This has nothing to do with land use, suburbs, or Lake Oswego, but it is a great example of how petty bureaucrats are archiving power (or trying to) over the public they are supposed to serve. This, of course is so outrageous that it is easy to condemn, but the desire to exert control over others seems irresistible these days. There just doesn't seem to be enough humility and respect to go around anymore.
7 things you should know about the Forest Service's media restrictions in wilderness
The Oregonian, September 24, 2014 By Rob Davis
As we reported, under rules being finalized, a reporter who shot a video or photo on an iPhone in 36 million acres of wilderness would first need to pay for a special permit.
Permits cost up to $1,500, says Forest Service spokesman Larry Chambers, and reporters who don't get them could face fines up to $1,000.
First Amendment advocates say the rules ignore press freedoms and are so vague they'd allow the Forest Service to grant permits only to favored reporters shooting videos for positive stories.
Our story drew swift outrage from across the country.
"What does the Forest Service plan to do next—monitor Instagram accounts and fine users that post pictures of our wilderness areas?" asked U.S. Rep. Peter DeFazio, an Oregon Democrat. "I will organize and send the Forest Service a bipartisan letter telling them the current rule is unacceptable and that it needs to be fixed."
Here are seven key things you should know about the policy.
1. These rules are already in place. The Forest Service says they've been in place for 48 months and are now being chaptered in law.
The agency adopted the rules shortly after it refused to allow an Idaho Public Television crew into a wilderness area in 2010 to film student conservation workers because the show sold DVDs of its episodes. Idaho's governor intervened and the Forest Service caved to pressure.
2. This isn't just about the media. The policy applies to documentary film crews, nonprofits and private citizens who might use a photo or video to sell something or earned a salary while in the wilderness area. They'd need a special permit first.
3. The policy narrowly defines the circumstances when media wouldn't need a special permit to shoot photos or videos. It allows for photos and videos during breaking news events, describing them as "an event or incident that arises suddenly, evolves quickly, and rapidly ceases to be newsworthy."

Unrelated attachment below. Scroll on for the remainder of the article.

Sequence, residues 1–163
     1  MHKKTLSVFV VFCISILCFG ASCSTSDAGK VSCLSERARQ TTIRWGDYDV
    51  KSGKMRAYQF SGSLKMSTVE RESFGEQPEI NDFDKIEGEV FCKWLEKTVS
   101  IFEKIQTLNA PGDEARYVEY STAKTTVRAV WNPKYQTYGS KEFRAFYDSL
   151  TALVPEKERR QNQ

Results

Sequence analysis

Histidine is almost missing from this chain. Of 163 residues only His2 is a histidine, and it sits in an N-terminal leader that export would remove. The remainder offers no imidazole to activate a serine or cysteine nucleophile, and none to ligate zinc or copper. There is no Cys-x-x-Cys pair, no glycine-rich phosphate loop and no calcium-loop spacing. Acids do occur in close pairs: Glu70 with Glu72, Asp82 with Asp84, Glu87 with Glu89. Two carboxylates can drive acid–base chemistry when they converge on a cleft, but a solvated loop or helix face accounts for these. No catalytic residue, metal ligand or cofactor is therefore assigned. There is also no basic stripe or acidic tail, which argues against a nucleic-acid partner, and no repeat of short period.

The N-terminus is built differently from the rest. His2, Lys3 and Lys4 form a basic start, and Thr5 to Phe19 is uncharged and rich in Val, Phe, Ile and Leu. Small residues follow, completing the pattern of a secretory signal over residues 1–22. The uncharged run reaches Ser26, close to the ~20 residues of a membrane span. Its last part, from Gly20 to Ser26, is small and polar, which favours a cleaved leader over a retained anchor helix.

But many events, like large wildfires, can arise suddenly and last for weeks.
4. The Forest Service couldn't provide any actual examples of what problems it's trying to address. Liz Close, the agency's acting wilderness director, said the agency was implementing the Wilderness Act of 1964, which aims to protect wilderness areas from being exploited for commercial gain.
"It's not a problem, it's a responsibility," she said. "We have to follow the statutory requirements."
Another federal agency that also manages wilderness areas, the Bureau of Land Management, does not require any special permit for newsgathering.
5. The Forest Service is giving itself wide discretion to decide when it would and wouldn't grant a special permit. "If you were engaged on reporting that was in support of wilderness characteristics, that would be permitted," Close said.
Press advocates worry that would allow the agency to squelch coverage of stories it didn't like.
6. The rules apply across huge swaths of Oregon and the West. More than 63,000 acres on Mount Hood is federally designated wilderness, including the peak. Oregon has 48 wilderness areas, including parts of Mount Jefferson and Mount Washington.
7. A serious fight is brewing. Gregg Leslie, legal defense director at the Reporters Committee for Freedom of the Press in Alexandria, Va., said his organization would consider suing over the plan if the Forest Service continues to pursue it. The National Press Photographers Associationalso said it would also weigh litigation.
Those interested in commenting on the proposal can do so online.
The areas in green in this photo show where the rules apply around the Pacific Northwest.